A common concern with breast-feeding is that the baby is not getting enough. With formula, it's easy to measure the number of ounces, but not with breast-feeding. The best way to know is by good weight gain. This can always be checked in the doctor's office for reassurance. Typically a baby will lose about 10% of their birth weight in the first three to five days. Then the milk will come in and the baby will gain about one ounce per day and be back to birth weight at two to three weeks of age.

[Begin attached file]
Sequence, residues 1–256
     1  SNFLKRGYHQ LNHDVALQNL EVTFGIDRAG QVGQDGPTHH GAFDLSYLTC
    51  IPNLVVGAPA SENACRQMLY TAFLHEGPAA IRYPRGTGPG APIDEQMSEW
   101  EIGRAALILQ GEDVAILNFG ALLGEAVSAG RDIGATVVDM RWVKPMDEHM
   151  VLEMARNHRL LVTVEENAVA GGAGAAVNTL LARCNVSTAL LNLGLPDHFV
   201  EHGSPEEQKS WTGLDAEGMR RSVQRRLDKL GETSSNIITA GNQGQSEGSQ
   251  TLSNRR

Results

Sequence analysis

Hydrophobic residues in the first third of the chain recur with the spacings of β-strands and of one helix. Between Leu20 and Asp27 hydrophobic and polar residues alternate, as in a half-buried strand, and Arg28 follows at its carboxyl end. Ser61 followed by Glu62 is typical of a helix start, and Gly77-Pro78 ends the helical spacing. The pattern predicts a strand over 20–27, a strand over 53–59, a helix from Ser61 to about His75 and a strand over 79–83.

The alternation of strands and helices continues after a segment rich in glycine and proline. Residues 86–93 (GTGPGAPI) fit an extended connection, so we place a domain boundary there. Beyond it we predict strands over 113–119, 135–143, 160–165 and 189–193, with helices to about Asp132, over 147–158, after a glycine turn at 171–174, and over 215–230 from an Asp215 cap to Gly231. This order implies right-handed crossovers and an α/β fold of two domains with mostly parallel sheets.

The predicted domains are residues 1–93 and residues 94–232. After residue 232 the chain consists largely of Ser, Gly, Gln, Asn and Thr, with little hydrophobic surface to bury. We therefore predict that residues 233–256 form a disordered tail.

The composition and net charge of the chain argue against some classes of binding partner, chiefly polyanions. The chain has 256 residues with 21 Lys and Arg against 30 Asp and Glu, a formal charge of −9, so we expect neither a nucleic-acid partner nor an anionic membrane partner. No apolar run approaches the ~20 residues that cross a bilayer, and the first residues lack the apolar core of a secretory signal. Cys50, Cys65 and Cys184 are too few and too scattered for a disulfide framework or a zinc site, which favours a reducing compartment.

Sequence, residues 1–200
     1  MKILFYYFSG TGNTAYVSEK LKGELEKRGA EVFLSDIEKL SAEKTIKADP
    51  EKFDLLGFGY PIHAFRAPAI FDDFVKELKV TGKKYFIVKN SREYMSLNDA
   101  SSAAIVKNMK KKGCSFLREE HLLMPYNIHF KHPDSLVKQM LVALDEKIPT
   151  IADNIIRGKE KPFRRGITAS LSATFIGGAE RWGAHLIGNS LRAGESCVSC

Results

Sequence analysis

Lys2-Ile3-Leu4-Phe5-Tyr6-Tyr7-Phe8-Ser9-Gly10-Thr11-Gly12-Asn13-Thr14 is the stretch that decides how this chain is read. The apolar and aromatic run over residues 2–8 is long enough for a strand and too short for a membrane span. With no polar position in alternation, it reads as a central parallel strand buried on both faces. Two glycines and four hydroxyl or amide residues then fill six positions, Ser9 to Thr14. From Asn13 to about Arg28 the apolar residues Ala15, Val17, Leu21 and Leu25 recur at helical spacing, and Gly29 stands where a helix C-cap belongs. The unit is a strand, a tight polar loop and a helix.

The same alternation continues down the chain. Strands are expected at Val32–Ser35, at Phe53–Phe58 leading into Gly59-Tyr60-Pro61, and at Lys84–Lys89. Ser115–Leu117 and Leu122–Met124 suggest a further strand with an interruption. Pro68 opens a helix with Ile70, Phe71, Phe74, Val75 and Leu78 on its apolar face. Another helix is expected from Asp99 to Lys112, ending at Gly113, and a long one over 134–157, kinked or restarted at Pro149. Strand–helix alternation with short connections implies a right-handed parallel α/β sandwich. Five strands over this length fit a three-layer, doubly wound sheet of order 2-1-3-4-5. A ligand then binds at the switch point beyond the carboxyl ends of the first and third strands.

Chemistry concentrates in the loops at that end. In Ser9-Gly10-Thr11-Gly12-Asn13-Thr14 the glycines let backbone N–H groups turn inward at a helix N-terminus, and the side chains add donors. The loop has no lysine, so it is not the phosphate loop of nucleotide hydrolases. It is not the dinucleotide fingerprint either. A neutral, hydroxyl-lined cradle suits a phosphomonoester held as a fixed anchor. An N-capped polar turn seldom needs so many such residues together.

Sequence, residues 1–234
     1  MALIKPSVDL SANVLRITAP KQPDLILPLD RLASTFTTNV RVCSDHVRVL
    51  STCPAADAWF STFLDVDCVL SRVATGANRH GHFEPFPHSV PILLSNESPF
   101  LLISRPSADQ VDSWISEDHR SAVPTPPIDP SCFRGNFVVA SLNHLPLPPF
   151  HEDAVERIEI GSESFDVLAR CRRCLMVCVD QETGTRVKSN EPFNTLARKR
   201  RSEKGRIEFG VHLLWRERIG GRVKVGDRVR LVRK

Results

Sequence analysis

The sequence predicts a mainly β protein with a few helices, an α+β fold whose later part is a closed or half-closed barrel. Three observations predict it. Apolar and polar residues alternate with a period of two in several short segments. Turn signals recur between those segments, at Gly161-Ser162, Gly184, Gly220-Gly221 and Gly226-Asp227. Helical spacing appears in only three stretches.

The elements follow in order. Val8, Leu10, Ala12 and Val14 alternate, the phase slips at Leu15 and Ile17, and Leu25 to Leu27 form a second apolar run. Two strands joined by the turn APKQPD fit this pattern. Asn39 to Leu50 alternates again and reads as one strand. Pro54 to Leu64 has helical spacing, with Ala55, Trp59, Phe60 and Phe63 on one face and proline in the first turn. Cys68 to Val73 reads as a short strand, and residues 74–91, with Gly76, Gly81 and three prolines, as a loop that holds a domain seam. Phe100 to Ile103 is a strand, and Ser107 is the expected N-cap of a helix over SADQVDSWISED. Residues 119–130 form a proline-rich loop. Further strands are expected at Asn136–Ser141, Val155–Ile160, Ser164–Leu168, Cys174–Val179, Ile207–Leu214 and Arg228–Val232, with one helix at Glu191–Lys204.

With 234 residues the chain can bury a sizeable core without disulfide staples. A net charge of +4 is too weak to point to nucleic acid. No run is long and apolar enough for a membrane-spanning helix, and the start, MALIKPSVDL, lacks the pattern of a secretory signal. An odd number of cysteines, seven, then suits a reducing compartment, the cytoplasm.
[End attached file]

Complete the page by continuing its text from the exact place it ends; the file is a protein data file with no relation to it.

With good feeding, there will typically be six urinations per day, and three to four stools per day by five to seven days of age. The stools should be watery, yellow, mustard-seedy stools.
A baby will typically nurse at least eight times a day with one and a half to three hour intervals during the day, and four to five hour intervals at night.
Good rhythmic sucking for ten minutes at each breast is a good sign.
A full baby will typically sleep at the end of breast-feeding or shortly thereafter.
At two to three weeks after delivery, the milk let down reflex should appear. This is when there is a tight feeling, or pins and needles in the breast as the milk comes down. Milk may leak from either breast. Thinking of your baby, or hearing a baby cry can initiate this reflex.